The buffer memory has been expanded, necessary not just for the larger images produced by the higher resolution sensor, but also to allow faster shooting of up to five Raw images. The camera also has 16-shot continuous shooting in JPEG mode with a couple of variations, producing a grid of 16 shots on one frame. Apparently this is useful for analysing golf swings and the like.
On the metering front the camera features 256-segment Multi Light Metering as well as centre weighted and spot metering options. Exposure modes meanwhile cover Program AE and Auto AE as well as aperture priority AE and manual control. A selection of scene modes are available, including landscape, portrait, sports, nightscape, text mode, skew correct and zoom macro. The macro focusing continues in the Ricoh tradition, with 1cm minimum distance. The skew correct feature is used to correct the geometry of rectangular subjects, such as a flat copy document for example. There’s also a My Setting mode, in which you can store personalised parameters, while a pair of programmable function buttons let you chose your own fast access functions, such as switching between Raw and JPEG for example.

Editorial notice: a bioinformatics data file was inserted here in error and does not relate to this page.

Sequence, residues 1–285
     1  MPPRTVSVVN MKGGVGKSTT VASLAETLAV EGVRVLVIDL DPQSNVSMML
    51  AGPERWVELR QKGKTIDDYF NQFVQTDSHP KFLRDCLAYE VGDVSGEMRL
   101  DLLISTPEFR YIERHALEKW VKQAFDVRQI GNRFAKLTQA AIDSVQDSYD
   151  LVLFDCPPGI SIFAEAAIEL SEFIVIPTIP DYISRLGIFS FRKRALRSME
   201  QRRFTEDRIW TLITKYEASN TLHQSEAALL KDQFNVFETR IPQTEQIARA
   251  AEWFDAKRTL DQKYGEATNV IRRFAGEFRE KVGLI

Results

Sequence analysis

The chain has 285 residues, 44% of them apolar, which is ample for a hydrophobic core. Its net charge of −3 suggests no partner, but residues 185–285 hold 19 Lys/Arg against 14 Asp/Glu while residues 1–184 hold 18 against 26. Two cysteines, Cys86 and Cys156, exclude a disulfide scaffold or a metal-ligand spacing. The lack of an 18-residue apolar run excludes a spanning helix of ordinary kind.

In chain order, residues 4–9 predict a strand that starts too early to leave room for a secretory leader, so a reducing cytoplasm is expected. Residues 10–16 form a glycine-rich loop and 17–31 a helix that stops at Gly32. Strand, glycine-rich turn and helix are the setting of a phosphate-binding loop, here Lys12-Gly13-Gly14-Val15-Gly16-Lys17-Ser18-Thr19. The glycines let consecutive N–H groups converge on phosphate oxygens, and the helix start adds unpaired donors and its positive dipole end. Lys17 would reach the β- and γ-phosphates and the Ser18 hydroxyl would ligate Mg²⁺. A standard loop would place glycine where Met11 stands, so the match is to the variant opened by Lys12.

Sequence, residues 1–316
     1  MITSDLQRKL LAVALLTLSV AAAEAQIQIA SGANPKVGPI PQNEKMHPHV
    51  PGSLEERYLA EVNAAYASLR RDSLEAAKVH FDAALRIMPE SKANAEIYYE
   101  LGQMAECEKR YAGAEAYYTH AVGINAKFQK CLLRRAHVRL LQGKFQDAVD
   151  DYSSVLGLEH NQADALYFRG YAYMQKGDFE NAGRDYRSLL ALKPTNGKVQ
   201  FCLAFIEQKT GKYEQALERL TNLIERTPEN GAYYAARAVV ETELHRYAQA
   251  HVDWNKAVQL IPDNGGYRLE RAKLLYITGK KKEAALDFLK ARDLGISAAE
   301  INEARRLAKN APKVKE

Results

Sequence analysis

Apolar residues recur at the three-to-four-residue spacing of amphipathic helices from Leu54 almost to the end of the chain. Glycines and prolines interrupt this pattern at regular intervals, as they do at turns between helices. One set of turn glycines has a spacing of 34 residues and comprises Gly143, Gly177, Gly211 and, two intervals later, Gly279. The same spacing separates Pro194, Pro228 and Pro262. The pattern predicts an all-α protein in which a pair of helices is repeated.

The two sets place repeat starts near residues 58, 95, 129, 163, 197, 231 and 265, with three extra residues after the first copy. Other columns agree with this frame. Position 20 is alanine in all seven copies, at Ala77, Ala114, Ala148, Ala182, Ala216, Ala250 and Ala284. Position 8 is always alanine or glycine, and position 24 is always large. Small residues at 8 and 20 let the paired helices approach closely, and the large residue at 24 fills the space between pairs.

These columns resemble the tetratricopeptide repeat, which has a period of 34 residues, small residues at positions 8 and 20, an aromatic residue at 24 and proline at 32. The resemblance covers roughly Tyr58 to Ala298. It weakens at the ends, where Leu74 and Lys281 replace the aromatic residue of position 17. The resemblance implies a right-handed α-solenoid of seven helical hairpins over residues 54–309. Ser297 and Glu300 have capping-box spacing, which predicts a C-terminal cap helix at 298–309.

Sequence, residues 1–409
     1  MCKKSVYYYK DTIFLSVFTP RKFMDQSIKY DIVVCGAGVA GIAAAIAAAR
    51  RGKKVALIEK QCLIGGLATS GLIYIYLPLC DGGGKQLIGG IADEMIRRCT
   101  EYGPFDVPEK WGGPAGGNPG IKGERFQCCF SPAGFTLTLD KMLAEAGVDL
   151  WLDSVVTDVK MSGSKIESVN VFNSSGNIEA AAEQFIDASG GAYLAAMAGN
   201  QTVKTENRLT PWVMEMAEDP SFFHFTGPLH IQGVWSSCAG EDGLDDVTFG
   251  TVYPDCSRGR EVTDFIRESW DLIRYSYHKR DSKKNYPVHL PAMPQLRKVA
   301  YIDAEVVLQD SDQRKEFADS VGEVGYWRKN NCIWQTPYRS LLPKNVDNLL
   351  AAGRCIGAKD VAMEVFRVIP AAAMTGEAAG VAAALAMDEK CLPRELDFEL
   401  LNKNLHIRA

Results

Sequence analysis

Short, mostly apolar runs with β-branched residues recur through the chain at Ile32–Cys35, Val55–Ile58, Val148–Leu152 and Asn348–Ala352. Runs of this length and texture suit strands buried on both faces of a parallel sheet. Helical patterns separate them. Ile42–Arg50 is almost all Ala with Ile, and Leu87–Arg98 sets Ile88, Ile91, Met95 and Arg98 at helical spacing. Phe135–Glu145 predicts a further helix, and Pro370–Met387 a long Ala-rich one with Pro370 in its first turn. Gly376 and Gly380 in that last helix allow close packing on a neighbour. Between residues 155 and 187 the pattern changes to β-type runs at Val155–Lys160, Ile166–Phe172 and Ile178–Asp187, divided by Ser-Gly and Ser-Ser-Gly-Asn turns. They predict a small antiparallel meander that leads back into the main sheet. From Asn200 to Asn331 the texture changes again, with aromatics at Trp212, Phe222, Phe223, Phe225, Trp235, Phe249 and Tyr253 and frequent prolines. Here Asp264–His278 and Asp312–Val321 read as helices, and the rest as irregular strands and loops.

Images are saved either to the 58MB internal memory or to SD/SDHC media, with a choice of Raw or JPEG. The Raw format is DNG so you don’t need to wait for Adobe to update Photoshop or Lightroom before you can start to process images. Of course, you can still use the Caplio software that comes with the camera if you don’t have the other programs. Video files can also be shot, saved in AVI format to the capacity of the media card.
There’s a huge array of shooting formats in comparison to other compacts. As well as the 4:3 12MP option and some lower resolution version of that format, you can also shoot in 3:2 format, the same as 35mm film, with 10MP resolution. There’s also a 9MP 1:1 or square format, for those who remember 120 roll film. All of these options are available in Raw as well as Normal and Fine JPEG compressions, so there are plenty of user options.